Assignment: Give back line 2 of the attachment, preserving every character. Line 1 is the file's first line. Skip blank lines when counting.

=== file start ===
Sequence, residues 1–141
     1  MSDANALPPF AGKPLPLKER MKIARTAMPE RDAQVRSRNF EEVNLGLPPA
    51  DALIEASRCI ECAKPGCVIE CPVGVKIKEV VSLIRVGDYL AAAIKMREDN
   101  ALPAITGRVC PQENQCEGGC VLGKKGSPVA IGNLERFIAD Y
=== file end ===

     1  MSDANALPPF AGKPLPLKER MKIARTAMPE RDAQVRSRNF EEVNLGLPPA